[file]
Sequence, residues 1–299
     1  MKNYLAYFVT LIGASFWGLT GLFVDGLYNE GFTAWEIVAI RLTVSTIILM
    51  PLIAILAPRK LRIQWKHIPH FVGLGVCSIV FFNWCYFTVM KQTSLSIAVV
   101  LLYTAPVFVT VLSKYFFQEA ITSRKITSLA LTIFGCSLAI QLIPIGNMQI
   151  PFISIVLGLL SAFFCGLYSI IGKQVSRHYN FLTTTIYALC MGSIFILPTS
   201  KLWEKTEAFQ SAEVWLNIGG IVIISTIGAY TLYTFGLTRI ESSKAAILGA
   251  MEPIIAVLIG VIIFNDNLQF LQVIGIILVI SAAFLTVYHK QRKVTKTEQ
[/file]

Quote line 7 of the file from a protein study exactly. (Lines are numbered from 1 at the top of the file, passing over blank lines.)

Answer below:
   251  MEPIIAVLIG VIIFNDNLQF LQVIGIILVI SAAFLTVYHK QRKVTKTEQ